Stallone: But I came through it and I mean, if you told me in 1970, which is ’69 to ’74 were pretty bad for me, so that one day they’d be making a film, a documentary about me, I would say you’ve got to be out of your mind. I mean, it’s crazy. But they did and I think that they did a great job directing it. You know, with what’s going on now, I mean, I’ve got a great publicity team of Lee Meltzer and Rogers & Cowan and PMK and Emily and everyone that works, Rachel, that are working on the team. I mean, it’s really great. It’s almost like when I had hit records. Like when you had a real team out there pushing for you, a real top-notch operation. It’s a really good feeling to have. Most of the time, you’re not getting any of that.
CS: Right, exactly.
Stallone: What did you get out of the movie for yourself?
CS: It was just cool to see that –
Stallone: The inner workings.
CS: Yeah, it’s like, I love all the backstage stuff, obviously you’ve been kind of like a Forrest Gump in the way you’ve been around all these amazing people and you’ve had all these crazy experiences. And actually, what’s interesting to me is you’ve been in Terror in Beverly Hills, but you’ve also been at the top of the machinery. You’ve done Tombstone and Rocky and all this stuff. So my last question I wanted to just ask you, is there one film project that kind of got away that you’re always like, ah, I was so close, I could’ve really done something with that?
Stallone: Well, I had a movie I was doing called The Good Life, and that went into a horrible tailspin with court cases and people suing. And I had a great cast. I had my brother. I had Dennis Hopper. I had all these people in it and the people I was working with were just I’d say less than stellar, the producers. And they put me in court, my brother in court for no reason and basically almost destroyed my life. As far as emotionally and financially, it took me almost 15 years to kind of get myself back.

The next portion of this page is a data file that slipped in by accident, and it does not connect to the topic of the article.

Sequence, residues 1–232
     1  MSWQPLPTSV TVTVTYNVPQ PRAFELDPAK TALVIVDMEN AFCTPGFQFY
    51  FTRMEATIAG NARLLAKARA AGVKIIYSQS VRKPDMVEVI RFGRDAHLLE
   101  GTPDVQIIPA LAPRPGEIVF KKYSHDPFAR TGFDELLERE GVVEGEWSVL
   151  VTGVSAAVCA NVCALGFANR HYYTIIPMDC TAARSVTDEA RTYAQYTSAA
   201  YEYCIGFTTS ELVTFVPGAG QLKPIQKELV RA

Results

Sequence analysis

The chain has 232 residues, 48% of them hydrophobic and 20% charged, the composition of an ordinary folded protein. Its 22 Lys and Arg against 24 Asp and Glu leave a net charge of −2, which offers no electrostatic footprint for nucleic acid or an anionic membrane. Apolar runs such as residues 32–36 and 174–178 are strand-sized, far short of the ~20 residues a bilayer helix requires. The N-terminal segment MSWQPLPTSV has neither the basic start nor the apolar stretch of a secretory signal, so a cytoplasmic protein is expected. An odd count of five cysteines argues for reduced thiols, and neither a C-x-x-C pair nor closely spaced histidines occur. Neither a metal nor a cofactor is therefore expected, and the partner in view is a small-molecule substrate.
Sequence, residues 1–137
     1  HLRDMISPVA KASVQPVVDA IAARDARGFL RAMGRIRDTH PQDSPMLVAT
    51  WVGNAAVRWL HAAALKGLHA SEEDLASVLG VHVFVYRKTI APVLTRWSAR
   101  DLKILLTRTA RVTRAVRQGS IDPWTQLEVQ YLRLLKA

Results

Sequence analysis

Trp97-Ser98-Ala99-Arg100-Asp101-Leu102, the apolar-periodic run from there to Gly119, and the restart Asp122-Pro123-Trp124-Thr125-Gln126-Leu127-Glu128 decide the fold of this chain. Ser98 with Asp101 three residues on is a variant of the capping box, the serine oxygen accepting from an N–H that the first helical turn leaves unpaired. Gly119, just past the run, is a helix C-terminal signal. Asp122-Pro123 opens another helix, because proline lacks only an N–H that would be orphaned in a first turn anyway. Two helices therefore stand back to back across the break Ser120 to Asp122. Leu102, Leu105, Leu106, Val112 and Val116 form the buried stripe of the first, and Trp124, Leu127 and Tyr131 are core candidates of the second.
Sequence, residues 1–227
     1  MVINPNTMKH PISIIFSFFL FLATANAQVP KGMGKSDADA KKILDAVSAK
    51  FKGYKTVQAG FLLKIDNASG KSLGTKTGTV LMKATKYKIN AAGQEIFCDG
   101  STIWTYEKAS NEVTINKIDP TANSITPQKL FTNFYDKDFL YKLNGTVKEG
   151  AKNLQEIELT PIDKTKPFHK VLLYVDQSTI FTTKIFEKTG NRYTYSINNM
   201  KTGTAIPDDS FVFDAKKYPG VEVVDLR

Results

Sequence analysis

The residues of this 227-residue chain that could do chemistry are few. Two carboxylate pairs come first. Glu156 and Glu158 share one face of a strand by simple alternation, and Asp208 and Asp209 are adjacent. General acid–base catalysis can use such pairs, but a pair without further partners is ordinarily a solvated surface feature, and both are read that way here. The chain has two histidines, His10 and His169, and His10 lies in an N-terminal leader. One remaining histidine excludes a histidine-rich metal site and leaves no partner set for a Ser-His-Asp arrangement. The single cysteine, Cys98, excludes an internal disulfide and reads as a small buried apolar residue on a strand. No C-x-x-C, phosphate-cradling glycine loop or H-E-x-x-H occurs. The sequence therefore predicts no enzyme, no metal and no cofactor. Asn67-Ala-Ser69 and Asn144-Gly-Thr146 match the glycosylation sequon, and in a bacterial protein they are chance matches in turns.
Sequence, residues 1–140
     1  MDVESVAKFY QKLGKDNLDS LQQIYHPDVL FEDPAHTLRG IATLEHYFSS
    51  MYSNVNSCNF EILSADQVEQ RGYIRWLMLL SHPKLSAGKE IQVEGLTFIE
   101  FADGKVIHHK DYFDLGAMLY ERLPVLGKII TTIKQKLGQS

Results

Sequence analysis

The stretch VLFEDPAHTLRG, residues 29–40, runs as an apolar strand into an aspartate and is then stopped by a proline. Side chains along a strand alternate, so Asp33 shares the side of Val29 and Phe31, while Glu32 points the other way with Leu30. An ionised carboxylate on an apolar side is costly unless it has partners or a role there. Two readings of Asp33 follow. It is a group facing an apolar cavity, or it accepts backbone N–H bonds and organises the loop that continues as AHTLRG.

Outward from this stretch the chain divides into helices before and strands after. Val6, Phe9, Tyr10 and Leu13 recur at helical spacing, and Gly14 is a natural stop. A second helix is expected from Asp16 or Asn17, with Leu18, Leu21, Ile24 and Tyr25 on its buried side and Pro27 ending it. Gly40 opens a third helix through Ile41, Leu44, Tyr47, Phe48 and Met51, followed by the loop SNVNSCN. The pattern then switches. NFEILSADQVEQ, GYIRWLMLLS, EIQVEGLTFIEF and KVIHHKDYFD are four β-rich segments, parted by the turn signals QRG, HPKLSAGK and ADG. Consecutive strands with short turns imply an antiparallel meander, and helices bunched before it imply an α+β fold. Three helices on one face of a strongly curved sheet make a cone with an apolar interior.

And that’s what happens when you deal with certain unsavory people and that’s why I’m going to write a book, which I had started to write. I copyrighted it. And it’s about all is not perfect in Hollywood. I mean, there’s people that killed themselves out here, because they didn’t get a movie part or something and they go home and they jump off the Hollywood sign or something like that because they take it to heart. You know, and I love mentoring people. I love to go on tour talking to young people. Then the bottom line is you better expect to probably get rejected 97 percent of the time.
CS: No, no, exactly.
Stallone: This is a vicious town. I mean, you read Otto Friedrich’s book called City of Nets, you realize how many fatalities have been in this town since Hollywood – how many people that were big stars that ended up working at a hot dog stand killed themselves. I mean, there’s tons of them. You know, Karl Dane. I mean, going back to the silent era. There were a lot of tragedies that were now coming out, but they were covered up in those days because the studios owned all the rag sheets and –
CS: Yeah, they had the fixers and stuff.
Stallone: Oh of course they had fixers. If someone was gay, you’d lose your career overnight. But even though the studios knew this person that was of this persuasion, they would cover it up because that was their investment. And then, when unfortunately something would come out about that, like William Haines, that career is done. And the studio would just abandon him, oh, we never knew that. So I mean, it’s a pretty cruel business, you know?
Stallone: As great as it is, it’s as bad as it can be as well.
Stallone: Frank, That Is is available now on VOD and Digital.
(Photo by Rodin Eckenroth/Getty Images)